Several Government TDs have backed calls for a referendum to be held to ensure Irish Water remains in public ownership ahead of further water charge protests planned for this week.
Labour TDs Aodhán Ó Ríordáin, Ciaran Lynch, Michael McNamara, and Emmet Stagg all signed the Siptu petition yesterday, which calls for a public vote to ensure the utility is never privatised.
The Right2Water campaign also announced plans for marches and protests this coming Saturday, which will take place in 40 locations.
Independent and Sinn Féin TDs yesterday backed calls for any general election candidates to pledge to scrap water charges if they enter government. Most protests on the weekend, which are being declared ‘family-friendly’ by organisers, will take place between 11am and 2pm. A list of all the regional and city marches can be found on ww.right2water.ie.
Anti-water charge TDs yesterday said they will still call for the abolishment of all domestic water charges. The outgoing Government has committed to keeping set charges in place until 2018, but these will not be based on usage by homeowners.
People Before Profit TD Richard Boyd Barrett said:”We are against domestic water charges, full stop.”
He said there was already a move to privatise Irish Water by “stealth” and that 25 private companies were being paid by the public utility to supply services, including maintenance operations.
Social Democrats TD Catherine Murphy also backed demands for a referendum on asking voters to guarantee that Irish Water remains in public ownership. Article 10 of the Constitution deals with ownership of natural resources. Referendum proponents, including the Greens, want to amend this to block water privatisation.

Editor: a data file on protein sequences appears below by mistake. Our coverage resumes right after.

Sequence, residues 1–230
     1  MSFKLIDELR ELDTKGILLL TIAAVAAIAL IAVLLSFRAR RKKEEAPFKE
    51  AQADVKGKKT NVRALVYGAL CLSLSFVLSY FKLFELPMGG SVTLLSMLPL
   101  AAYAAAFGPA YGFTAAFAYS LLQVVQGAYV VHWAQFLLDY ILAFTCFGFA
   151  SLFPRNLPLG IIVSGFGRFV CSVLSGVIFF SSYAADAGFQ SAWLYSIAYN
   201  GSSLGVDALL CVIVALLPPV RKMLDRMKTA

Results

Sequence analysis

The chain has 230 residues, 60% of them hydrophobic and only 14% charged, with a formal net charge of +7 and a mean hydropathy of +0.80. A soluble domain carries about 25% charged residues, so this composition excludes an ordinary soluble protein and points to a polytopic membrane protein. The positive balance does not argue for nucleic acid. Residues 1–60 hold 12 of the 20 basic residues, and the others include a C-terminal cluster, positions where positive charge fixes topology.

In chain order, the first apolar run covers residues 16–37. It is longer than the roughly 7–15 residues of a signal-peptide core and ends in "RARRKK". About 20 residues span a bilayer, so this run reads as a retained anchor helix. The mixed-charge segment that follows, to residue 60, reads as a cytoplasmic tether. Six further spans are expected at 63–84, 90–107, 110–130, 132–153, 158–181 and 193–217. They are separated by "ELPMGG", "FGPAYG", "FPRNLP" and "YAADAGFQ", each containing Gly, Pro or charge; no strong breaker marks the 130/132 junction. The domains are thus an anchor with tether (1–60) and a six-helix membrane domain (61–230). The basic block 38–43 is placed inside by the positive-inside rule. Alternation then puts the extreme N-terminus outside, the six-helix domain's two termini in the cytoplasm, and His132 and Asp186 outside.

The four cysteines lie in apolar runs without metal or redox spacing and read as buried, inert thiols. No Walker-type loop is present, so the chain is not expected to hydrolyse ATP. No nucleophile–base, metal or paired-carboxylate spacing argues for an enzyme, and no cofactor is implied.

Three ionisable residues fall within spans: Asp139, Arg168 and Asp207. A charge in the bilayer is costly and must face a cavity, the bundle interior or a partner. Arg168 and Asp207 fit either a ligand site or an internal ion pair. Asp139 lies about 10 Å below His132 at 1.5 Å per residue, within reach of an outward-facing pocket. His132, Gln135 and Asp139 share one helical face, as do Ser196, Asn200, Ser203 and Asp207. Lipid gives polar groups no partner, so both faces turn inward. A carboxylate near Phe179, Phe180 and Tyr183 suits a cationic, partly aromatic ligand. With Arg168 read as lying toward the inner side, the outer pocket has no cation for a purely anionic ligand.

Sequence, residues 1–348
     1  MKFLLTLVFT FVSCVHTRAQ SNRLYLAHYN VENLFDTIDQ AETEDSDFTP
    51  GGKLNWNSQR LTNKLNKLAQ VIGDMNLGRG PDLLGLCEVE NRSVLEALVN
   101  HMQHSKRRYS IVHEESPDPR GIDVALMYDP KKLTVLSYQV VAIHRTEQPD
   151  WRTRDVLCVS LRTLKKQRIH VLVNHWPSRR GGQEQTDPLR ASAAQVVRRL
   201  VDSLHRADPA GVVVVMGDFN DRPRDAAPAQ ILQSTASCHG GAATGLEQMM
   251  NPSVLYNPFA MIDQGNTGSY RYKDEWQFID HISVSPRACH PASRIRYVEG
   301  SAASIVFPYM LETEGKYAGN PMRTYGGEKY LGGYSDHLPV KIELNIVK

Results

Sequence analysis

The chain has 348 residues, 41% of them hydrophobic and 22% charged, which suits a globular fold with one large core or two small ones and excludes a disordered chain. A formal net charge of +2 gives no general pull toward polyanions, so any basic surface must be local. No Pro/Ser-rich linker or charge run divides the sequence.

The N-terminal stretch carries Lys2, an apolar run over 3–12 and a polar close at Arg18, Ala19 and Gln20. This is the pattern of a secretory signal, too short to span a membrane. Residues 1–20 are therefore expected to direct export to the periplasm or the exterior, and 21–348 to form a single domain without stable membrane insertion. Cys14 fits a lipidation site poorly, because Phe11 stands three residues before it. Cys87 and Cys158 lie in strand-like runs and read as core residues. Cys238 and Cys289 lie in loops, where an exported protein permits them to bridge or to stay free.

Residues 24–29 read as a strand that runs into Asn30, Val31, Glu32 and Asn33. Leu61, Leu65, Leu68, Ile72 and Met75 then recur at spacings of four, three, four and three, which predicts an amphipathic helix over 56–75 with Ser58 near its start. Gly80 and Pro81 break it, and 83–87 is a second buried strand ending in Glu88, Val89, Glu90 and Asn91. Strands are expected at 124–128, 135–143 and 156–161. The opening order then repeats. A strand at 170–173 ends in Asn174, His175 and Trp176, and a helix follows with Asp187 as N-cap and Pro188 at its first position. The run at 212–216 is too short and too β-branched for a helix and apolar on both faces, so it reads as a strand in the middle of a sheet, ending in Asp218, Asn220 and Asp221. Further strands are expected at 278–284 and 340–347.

The Coalition last year, for its revised water charges bill, legislated so a future government “shall” hold a non-binding plebiscite should the issue of privatisation arise. However, it was admitted by Environment Minister Alan Kelly then that this could be reneged on.
Siptu officials yesterday marched outside the Dail calling for water services to be returned to local authorities and warning against any possibility of Irish Water being privatised.
TDs from across parties signed a petition calling for a referendum on ensuring that Irish Water remains in public ownership. Overall, 30 TDs signed the Siptu petition, including from Sinn Féin, Fianna Fáil, the Social Democrats, Anti-Austerity Alliance, People Before Profit and Independents.
The Government politicians were from the Labour party and included junior justice minister Aodhán Ó Ríordáin, , who recently told the Irish Examiner that a public convention should be held on examining the issue of such a vote.
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